Murray, Miss [Louisa]. “How They Died at Thansi.” Selections from Canadian Poets: With Occasional Critical and Biographical Notes, and an Introductory Essay on Canadian Poetry. Ed. Edward Hartley Dewart. [Montreal], 1864. 167-70.
In the First Indian War of Independence (or the Sepoy Rebellion, or The Mutiny, depending upon whom you ask and when), Captain Alexander Skene, British superintendent at Jhansi, and his wife Margaret, did in fact take refuge with 54 other British citizens in the fort. History (rather than Murray’s poetry) has it, though, that on 7 June 1857, when they were offered their lives for surrendering the fort, the British were massacred as they left the gates. Interestingly, the Wikipedia entry on Jhansi elides any mention of its prominent place in the conflict. The Rani of Jhansi, who ruled at the time, was heralded as a folk hero in the drive for Indian independence in the mid-1900s.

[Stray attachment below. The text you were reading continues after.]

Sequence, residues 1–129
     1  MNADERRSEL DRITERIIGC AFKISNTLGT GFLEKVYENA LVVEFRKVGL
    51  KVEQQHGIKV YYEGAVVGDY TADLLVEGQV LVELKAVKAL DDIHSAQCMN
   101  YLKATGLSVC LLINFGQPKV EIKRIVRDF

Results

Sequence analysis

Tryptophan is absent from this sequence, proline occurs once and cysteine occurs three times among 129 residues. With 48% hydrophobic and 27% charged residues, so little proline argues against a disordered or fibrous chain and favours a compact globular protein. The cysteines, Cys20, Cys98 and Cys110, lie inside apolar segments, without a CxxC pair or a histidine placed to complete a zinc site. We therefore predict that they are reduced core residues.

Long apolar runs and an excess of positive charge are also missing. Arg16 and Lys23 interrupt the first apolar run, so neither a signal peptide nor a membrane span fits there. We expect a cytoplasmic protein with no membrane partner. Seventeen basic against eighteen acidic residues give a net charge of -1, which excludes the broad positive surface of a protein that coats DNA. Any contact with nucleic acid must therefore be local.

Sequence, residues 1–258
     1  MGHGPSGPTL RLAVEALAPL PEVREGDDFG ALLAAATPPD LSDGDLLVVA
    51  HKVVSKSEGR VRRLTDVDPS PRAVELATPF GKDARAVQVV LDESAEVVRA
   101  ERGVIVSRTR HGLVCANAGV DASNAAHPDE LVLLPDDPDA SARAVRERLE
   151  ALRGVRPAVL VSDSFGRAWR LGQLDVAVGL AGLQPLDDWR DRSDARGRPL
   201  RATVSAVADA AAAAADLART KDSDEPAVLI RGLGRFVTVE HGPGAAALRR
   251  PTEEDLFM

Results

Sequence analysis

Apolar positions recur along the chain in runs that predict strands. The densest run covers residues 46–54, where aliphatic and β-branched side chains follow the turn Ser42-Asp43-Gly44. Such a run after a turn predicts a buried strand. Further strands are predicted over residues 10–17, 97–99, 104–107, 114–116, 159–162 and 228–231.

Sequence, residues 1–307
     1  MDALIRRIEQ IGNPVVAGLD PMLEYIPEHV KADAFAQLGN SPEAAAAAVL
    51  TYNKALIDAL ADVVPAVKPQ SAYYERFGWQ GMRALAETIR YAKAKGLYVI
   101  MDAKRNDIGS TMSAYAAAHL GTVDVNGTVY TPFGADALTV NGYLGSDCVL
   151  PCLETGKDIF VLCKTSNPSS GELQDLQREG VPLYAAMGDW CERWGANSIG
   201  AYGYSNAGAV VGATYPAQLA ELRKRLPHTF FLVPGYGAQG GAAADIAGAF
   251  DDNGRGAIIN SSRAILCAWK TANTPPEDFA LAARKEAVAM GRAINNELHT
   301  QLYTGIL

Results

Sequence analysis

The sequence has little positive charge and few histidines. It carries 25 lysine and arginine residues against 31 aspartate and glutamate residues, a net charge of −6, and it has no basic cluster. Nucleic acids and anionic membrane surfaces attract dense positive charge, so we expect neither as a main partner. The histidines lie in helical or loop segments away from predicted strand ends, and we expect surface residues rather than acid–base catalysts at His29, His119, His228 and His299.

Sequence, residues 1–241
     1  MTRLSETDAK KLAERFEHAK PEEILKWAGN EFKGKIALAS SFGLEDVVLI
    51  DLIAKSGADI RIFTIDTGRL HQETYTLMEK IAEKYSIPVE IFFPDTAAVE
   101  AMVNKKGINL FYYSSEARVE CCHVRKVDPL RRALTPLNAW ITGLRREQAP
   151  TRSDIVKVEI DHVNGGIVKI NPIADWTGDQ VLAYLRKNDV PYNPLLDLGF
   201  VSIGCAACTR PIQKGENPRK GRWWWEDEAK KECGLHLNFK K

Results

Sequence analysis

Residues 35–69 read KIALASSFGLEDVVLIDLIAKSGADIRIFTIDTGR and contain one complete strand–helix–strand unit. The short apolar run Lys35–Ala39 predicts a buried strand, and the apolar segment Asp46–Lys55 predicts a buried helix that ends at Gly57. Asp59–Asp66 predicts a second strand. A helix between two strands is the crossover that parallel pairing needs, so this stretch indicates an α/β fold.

The Tower of Jhansi, like the Well at Cawnpore and the Residency at Lucknow, became an iconic image, represented in art (literary and visual) even before the conflict was fully over. This engraving by E. Walker of Captain and Mrs. Skene was published within six months of the massacre.
Walker, E. “The Tower at Jhansi.” Incidents in the Indian War (London: Ackermann, 1857). Courtesy of the National Army Museum, London, UK, NAM. 1983-08-126-1.